Along with the benefits of web editing comes a number of challenges. These need to be well-understood and dealt with appropriately by anyone planning a web editing implementation.
When thinking about web security, it helps to consider all the different tiers, or levels, at which someone can access your system. Then consider how each tier might be vulnerable and how it might be secured. With web editing security, you need to at least consider the application tier, the web service tier, and the data tier.
If this sounds confusing to you, let's talk through them one at a time. First, consider the application tier. You need to decide which people will have access to your web editing application. Is it open to everyone on the Internet? This is the easiest to set up, but it also results in the most vulnerability. Your organization's existing firewalls might also make it fairly easy to set up an application that's only visible to members of your internal network, in other words, people who work for your organization. A trickier kind of application security to set up is one that has a login page where only certain members of your organization are allowed to log in, but not others. Setting up this type of security is certainly doable, but is beyond the scope of this course.
The next level of security to think about is the web service tier. An organization can set up its server such that certain services require a login to access. If the application itself also requires a login, the application developer must figure out how to get that name and password to be applied to the services accessed therein.
Regardless of whether you decide to require a login for your services, you should consider which layers should have editing allowed. There are some datasets that you'll want to expose for web editing, and others that you will not. You need to design your web services such that they only allow editing of those particular datasets that you want to have modified. Several days before writing this lesson, I came across a web map showing election results in a certain country. The authors of this map had used a feature service with popup balloons to display the election results. This was not a bad plan; however, the web service authors had inadvertently left the editing capability exposed on the feature service. I discovered that I could potentially click a popup balloon and literally rewrite the election statistics for any particular province!
Your software will give you controls over which features may be edited, and you must carefully understand and use these controls. Sometimes you may be required to group editable layers in one web service and non-editable layers in a separate web service that has different security settings.
The final tier of security to consider is the data tier. By exposing your dataset for web editing, you are opening your database to many more people than would otherwise have access to it. You need to plan for the scenario where a malicious party could corrupt or delete your data. Keeping a backup or replica of your data is recommended in web editing scenarios.
In addition to the threat of a malicious party corrupting your data, it's possible that a well-intentioned user could make a mistake and negatively affect your database. Before you take all the changes submitted by your web editors and push them into your on-premises database, you might choose to have a GIS analyst examine the edits and perform a quality check. This type of scenario is possible if you maintain separate replicas or copies of the database for web editing and for on-premises work.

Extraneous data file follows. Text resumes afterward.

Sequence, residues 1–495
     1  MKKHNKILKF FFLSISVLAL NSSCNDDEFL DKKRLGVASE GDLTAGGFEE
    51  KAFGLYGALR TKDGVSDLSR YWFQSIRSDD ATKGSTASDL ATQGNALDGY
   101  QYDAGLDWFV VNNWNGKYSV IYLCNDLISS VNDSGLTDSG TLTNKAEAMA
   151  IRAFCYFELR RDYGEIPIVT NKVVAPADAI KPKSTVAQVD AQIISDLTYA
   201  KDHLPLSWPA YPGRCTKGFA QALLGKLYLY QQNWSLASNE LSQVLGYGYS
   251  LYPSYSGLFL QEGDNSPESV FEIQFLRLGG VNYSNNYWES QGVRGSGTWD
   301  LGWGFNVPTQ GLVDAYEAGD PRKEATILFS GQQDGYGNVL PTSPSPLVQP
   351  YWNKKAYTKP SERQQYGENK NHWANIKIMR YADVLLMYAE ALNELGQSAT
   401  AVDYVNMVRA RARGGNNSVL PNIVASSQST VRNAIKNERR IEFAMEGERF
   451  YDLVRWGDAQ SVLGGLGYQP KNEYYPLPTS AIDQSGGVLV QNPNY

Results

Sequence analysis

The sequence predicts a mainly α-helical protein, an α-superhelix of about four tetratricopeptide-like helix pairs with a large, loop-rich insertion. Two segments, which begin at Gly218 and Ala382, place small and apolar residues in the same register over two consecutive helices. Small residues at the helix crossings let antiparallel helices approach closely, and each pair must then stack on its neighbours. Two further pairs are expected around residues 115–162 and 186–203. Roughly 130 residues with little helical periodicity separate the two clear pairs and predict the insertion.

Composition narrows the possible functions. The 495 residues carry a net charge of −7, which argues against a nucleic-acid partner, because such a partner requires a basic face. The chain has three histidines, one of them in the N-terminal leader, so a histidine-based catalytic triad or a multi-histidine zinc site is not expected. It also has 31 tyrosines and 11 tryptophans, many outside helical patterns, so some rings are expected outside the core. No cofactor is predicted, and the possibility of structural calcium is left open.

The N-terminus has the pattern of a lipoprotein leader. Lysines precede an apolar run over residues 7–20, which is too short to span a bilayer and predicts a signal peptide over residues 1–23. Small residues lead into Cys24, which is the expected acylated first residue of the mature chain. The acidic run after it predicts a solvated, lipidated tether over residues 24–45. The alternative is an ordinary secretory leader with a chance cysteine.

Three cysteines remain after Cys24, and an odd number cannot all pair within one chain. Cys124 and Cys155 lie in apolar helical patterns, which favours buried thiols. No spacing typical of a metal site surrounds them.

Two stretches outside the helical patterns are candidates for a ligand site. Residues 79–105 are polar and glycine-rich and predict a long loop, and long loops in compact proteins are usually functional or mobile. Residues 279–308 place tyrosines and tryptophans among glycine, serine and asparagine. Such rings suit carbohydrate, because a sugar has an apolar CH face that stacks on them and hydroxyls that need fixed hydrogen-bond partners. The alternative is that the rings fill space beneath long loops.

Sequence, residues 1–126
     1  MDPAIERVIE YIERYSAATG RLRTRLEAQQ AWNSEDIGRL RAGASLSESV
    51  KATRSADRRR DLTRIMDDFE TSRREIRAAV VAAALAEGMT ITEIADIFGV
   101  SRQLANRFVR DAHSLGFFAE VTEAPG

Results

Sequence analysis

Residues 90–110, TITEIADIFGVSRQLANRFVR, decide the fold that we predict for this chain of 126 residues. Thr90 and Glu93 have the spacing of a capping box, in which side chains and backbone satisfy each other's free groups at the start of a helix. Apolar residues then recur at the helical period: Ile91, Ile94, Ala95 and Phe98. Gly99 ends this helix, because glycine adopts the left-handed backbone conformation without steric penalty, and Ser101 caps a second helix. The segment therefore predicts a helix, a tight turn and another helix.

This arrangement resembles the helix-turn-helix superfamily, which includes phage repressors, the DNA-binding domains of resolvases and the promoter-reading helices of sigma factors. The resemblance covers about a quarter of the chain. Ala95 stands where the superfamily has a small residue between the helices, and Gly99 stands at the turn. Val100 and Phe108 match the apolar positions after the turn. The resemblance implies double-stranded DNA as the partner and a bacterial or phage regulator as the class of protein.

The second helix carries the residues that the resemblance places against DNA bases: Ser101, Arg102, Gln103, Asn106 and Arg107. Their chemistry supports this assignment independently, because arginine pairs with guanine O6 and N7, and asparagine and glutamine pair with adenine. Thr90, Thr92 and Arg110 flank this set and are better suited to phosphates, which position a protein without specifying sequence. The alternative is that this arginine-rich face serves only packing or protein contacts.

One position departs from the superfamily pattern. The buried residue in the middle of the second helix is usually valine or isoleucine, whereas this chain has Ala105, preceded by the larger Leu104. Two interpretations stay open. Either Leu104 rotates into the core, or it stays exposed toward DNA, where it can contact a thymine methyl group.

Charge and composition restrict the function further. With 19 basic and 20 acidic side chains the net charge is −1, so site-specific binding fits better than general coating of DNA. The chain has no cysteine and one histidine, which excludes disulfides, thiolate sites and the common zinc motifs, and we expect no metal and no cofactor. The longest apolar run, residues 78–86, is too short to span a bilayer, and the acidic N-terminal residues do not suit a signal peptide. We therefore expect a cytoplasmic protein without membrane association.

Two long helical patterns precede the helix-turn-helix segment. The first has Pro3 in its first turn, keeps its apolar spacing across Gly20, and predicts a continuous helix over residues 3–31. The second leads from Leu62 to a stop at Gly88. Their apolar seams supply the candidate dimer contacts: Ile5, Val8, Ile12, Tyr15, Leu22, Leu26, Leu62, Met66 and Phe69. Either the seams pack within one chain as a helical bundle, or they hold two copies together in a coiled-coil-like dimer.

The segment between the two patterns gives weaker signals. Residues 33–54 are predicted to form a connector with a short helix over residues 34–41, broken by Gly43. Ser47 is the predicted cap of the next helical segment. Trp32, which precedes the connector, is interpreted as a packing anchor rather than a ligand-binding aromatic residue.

You can reduce the possibility of data corruption by carefully limiting the types of features and attributes that web editors can access and create. Later in this lesson, you'll use feature templates that ArcGIS provides for editing. The feature templates help you give the web editor a palette of approved features that can be created, while making it impossible or difficult to create other types of features. For example, if you want your web editors to add only 8", 12", or 16" pipes to the database (no 20" pipes, or fire hydrants), you can create a feature template with only those three types of pipes, with the size attribute preset for each one.
You've learned in this section that keeping a copy of your data for web editing and a separate copy for your on-premises work can be a good practice for maintaining security and data integrity. The tricky part is synchronizing the two copies at the appropriate times, with only the appropriate changes. ArcGIS contains a feature called geodatabase replication that can help with this.
The simplest option for replication is to make a one-way replica of the geodatabase, which is essentially a one-off copy made in a desired projection and format. This is useful for exposing a read-only database for web use. Some sites use one-way replication into the mercator projection for their web database, since they need to use mercator on the web but not in their office.
A more complex, but more useful action is to make a two-way replica of your database. This creates a copy of the database for web editing that can be synchronized with the original (or "production") database at intervals that you choose. A GIS analyst can potentially examine the web edits before synchronizing them with the production database. If the two databases are separated by firewalls or reside on different networks, an ArcGIS Server geodata service can be used to synchronize the two. This is beyond the scope of the course, but it's important for you to have a basic knowledge of these architectures in case you ever need to implement them.
If replication is a new concept to you, or you would like to learn more about it, you can read the first several topics in the ArcGIS help section Managing distributed data.